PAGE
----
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A few incorrect assumptions here:

1. Estimates from motor manufacturer specs are a great first step, but there is no substitute for your own min. and max. current & power draw testing on your platform.
2. As TheParra said you would have a 6S1P battery pack.
Voltage adds in series
Current and Capacity add in parallel, thus your battery pack is only 3000 mAh

You should use LiPo batteries until you gain a better understanding of the basics. Making battery packs is not easy and there are more pitfalls building your own.

You can check individual cells in a custom 6S6P battery to do so just takes more thought in the electrical aspects. Of course you would have 37 wires to measure each cell. A 6P pack is just 6 1P packs in parallel all you need to do is have separate monitoring per pack.

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Sorry for delay in reply, here is what I worked on
My Hex Configuration

1. Frame: Tarot 680 PRO Folding Hexacopter Frame
2. Motors:6x Tarot 4108 High Power Brushless Motor (380kv)
3. Propeller:3x Tarot 1355 Carbon Propellers (Two Holes / CW and CCW)
4. ESC (Electronic Speed Controls):6x Hobbywing XRotor 40A-OPTO ESC
5. Flight Controller:PIXHAWK PX4 2.4.7

Frame weight :2142g
Battery weight: 1627.2g (6S4P pack of “Milocel 21700 P42a 45 amps”)
Total weight : 3769.2g
Thrust to each motor : 628.2g
Amp draw : 18Amp (As per tarot (3Amp/650g )*6))

Flight Time will be
Battery capacity : 16800mAh
Average amp draw :18Amp
Flight Time : 56mins ((16800/18000)*60)

Theoretically are these calculation correct?
I know practically it will take some more/less avg amp to hover.

Looks good to me - just be sure to integrate the fact that you should probably target 80-85% battery usage during flights. So 0.85*56 = 47.5 minutes.

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yes, thats enough. now i am getting only 10mins

Flight time will vary for the price of the advice

This computation looks ok from a quick check at 22.2V. But there is one glaring, item remember your voltage decreases over time… so hover at full charge (maximum voltage) is less current then hover at minimum charge (minimum voltage).

The current and hover thrust from the motor table is given at 22V.

Here is when you need to use power to get the current at minimum voltage. Depending on what you select as your minimum voltage say 3.2V/cell will change how far off your assumption of a constant voltage source is 15% approx. Also remember you will get less thrust as your voltage decreases so that adds in another item. This is why some motor manufacturers will give test data at variety of voltages.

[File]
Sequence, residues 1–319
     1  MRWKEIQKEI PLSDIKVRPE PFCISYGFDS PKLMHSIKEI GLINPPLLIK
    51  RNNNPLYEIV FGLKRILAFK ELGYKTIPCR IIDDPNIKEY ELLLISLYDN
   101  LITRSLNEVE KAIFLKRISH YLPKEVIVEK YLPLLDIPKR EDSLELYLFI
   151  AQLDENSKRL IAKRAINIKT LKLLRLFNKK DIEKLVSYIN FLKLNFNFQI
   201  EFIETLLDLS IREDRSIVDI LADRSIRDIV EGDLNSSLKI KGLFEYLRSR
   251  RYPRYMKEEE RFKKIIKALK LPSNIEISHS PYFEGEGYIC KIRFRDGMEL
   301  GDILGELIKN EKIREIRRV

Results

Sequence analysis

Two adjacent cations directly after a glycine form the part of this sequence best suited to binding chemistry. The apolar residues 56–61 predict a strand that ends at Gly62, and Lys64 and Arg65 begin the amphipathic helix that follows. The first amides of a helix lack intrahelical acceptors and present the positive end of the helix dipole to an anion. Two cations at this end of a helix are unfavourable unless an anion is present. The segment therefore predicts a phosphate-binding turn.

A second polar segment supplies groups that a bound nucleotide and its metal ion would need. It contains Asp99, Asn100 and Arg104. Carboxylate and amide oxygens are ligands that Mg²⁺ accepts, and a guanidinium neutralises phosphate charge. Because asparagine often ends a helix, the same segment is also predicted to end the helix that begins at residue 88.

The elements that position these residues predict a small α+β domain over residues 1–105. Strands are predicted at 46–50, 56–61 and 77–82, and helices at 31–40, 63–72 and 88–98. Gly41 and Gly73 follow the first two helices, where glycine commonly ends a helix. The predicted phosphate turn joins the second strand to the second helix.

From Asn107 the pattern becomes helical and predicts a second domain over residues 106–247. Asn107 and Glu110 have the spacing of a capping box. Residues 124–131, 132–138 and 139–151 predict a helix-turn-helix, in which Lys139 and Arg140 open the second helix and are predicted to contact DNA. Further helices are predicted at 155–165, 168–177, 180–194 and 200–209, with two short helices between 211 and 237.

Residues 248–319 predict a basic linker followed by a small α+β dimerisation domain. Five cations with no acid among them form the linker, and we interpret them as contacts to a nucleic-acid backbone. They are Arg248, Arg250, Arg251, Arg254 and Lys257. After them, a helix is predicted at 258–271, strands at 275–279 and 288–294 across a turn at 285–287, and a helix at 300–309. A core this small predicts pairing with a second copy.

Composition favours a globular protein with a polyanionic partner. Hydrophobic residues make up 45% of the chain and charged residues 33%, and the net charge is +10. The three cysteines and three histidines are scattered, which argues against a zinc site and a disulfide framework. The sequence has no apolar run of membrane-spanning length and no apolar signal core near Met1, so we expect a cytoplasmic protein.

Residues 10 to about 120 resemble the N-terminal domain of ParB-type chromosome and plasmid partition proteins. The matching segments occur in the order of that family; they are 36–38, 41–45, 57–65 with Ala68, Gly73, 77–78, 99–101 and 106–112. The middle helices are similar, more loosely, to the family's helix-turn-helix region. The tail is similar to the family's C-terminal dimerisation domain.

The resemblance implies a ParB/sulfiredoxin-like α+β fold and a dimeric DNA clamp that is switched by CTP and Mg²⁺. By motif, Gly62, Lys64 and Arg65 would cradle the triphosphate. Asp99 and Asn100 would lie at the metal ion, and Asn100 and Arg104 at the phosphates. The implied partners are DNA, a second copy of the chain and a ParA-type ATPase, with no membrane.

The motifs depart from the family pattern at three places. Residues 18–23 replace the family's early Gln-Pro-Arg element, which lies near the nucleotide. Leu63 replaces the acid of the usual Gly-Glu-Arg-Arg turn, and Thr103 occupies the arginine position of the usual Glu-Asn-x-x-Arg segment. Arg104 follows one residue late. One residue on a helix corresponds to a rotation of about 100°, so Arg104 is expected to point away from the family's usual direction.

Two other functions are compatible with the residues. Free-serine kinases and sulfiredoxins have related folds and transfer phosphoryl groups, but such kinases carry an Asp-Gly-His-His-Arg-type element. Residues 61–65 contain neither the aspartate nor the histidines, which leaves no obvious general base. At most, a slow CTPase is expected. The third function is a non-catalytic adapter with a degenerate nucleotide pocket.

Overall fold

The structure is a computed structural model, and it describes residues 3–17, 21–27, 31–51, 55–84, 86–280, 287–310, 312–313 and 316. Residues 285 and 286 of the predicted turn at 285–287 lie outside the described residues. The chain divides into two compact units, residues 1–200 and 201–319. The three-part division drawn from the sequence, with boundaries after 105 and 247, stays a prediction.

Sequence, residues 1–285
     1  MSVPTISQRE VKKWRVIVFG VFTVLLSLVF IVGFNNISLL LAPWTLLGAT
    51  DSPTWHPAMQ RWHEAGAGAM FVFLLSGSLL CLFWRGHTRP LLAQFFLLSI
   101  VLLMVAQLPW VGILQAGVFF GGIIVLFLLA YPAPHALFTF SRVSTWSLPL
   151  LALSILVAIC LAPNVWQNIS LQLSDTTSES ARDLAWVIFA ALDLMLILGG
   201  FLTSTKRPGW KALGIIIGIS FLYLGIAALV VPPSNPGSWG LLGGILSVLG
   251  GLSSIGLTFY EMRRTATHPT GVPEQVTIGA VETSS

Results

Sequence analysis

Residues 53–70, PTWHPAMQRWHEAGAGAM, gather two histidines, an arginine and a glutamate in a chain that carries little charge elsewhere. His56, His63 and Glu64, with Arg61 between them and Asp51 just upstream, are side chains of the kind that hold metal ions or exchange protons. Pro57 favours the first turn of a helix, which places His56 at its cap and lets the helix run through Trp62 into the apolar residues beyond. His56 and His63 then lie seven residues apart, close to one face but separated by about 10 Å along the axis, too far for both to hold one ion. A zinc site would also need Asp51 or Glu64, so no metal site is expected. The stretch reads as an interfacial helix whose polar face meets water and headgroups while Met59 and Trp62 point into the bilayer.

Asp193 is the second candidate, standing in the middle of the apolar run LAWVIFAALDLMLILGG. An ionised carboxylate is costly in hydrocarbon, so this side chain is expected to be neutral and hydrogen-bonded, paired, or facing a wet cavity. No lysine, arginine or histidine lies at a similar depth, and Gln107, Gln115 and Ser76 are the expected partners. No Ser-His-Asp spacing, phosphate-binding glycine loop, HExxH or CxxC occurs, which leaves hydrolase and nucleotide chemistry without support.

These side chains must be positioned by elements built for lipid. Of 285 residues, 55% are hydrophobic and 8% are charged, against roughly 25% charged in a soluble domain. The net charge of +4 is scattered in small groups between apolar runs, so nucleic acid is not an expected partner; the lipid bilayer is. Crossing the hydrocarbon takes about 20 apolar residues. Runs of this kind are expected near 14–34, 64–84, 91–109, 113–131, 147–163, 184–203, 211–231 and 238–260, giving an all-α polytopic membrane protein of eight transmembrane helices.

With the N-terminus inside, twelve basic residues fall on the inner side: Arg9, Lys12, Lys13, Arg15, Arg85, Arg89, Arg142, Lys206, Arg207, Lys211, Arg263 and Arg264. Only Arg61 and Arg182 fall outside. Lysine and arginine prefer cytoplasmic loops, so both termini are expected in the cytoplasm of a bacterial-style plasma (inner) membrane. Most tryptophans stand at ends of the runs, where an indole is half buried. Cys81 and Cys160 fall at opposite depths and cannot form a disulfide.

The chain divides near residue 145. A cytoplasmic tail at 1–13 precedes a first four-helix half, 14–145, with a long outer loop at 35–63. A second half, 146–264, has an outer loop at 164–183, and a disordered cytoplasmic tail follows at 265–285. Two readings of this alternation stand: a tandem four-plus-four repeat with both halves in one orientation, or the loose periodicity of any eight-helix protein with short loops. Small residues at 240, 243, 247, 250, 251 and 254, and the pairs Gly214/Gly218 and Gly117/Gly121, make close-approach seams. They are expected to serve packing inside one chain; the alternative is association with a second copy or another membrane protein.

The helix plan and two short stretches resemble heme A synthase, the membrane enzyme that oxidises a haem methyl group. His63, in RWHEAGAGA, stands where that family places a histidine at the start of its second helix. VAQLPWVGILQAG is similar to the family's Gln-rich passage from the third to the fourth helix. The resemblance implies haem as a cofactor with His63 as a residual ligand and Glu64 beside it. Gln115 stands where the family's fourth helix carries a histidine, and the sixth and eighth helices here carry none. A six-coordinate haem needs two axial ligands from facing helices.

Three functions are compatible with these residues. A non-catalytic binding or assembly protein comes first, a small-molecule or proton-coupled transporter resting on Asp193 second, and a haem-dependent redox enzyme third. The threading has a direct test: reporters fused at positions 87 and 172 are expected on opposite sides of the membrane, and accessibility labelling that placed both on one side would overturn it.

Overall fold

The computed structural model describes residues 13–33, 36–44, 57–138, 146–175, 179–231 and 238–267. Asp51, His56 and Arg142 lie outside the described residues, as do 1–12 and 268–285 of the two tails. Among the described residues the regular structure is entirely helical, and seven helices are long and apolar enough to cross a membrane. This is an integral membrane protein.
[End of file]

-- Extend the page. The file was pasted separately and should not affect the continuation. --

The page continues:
^^^ I did not check the above. But you are likely within the maximum discharge rate of your cells.
If you had fewer packs in parallel this would be important to check say for a tightly optimized solar aircraft.

Remember to check the maximum power and current draws as well. AKA 100% throttle. It looks like you are ok on that front as well. On hover from these numbers you are right at 1C discharge rate.

If you are going to make you own pack be careful and be sure connections are mechanically strong and stress relieved. Test on the ground first! There are some good youtubers who make packs.

Get battery monitors! You don’t want to over-discharge these batteries. They make great fireworks…

If you don’t need to charge quickly try to stick under 0.5C charge rate you will get more charge cycles and less capacity degradation. Of course this varies per cell type and I know chemistry has changed since I last looked at long term studies.

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My guess is 33 minutes Hover in place to 85% capacity. Voltage sag will not be like a Lipo so you will have determine from test flights what works. I use a 2S Li-ion on a small quad and the voltage drop is precipitous as it’s nearing 85%.

And your pack will take forever to re-charge

Yes, recharging will take time, and not like lipo. thats a concern

It will. Josh is right about .5C charge. That’s what I use on a 3500mah li-ion pack I have.

Yes, you are right, its hard to maintain and risky to make 6S6p.
But we can make two packs of 6S3P and connect them parallel.

All, I highly appreciate your time for detailed reply.
Many many thanks.
I shall keep updating and disturbing you all